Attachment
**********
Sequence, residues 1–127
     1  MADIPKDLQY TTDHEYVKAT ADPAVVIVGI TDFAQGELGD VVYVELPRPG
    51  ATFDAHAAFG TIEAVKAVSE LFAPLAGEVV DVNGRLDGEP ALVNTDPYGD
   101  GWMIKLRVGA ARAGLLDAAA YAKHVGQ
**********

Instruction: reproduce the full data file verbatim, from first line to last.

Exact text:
Sequence, residues 1–127
     1  MADIPKDLQY TTDHEYVKAT ADPAVVIVGI TDFAQGELGD VVYVELPRPG
    51  ATFDAHAAFG TIEAVKAVSE LFAPLAGEVV DVNGRLDGEP ALVNTDPYGD
   101  GWMIKLRVGA ARAGLLDAAA YAKHVGQ